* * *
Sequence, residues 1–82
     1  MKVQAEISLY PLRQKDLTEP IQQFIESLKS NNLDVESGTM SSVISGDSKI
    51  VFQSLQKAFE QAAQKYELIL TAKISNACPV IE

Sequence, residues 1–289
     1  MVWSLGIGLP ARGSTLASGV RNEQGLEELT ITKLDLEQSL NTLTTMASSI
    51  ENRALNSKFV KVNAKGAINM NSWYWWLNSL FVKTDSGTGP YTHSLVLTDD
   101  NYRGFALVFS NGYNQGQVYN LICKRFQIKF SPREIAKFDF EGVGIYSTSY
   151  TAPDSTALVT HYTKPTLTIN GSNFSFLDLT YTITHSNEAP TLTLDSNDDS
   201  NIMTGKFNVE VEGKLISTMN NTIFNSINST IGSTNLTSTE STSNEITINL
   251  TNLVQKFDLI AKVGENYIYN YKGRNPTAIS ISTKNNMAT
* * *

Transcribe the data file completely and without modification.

Sequence, residues 1–82
     1  MKVQAEISLY PLRQKDLTEP IQQFIESLKS NNLDVESGTM SSVISGDSKI
    51  VFQSLQKAFE QAAQKYELIL TAKISNACPV IE

Sequence, residues 1–289
     1  MVWSLGIGLP ARGSTLASGV RNEQGLEELT ITKLDLEQSL NTLTTMASSI
    51  ENRALNSKFV KVNAKGAINM NSWYWWLNSL FVKTDSGTGP YTHSLVLTDD
   101  NYRGFALVFS NGYNQGQVYN LICKRFQIKF SPREIAKFDF EGVGIYSTSY
   151  TAPDSTALVT HYTKPTLTIN GSNFSFLDLT YTITHSNEAP TLTLDSNDDS
   201  NIMTGKFNVE VEGKLISTMN NTIFNSINST IGSTNLTSTE STSNEITINL
   251  TNLVQKFDLI AKVGENYIYN YKGRNPTAIS ISTKNNMAT